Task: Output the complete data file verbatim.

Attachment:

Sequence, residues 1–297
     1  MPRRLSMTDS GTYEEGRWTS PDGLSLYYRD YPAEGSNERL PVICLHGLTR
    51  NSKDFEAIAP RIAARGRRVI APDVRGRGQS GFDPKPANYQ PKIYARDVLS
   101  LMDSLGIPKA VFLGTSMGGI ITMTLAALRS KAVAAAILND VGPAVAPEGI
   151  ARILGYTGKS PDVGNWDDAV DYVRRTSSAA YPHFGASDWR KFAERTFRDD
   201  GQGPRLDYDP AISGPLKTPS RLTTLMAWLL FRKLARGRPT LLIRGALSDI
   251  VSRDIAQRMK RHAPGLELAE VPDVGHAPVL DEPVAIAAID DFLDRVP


Sequence, residues 1–297
     1  MPRRLSMTDS GTYEEGRWTS PDGLSLYYRD YPAEGSNERL PVICLHGLTR
    51  NSKDFEAIAP RIAARGRRVI APDVRGRGQS GFDPKPANYQ PKIYARDVLS
   101  LMDSLGIPKA VFLGTSMGGI ITMTLAALRS KAVAAAILND VGPAVAPEGI
   151  ARILGYTGKS PDVGNWDDAV DYVRRTSSAA YPHFGASDWR KFAERTFRDD
   201  GQGPRLDYDP AISGPLKTPS RLTTLMAWLL FRKLARGRPT LLIRGALSDI
   251  VSRDIAQRMK RHAPGLELAE VPDVGHAPVL DEPVAIAAID DFLDRVP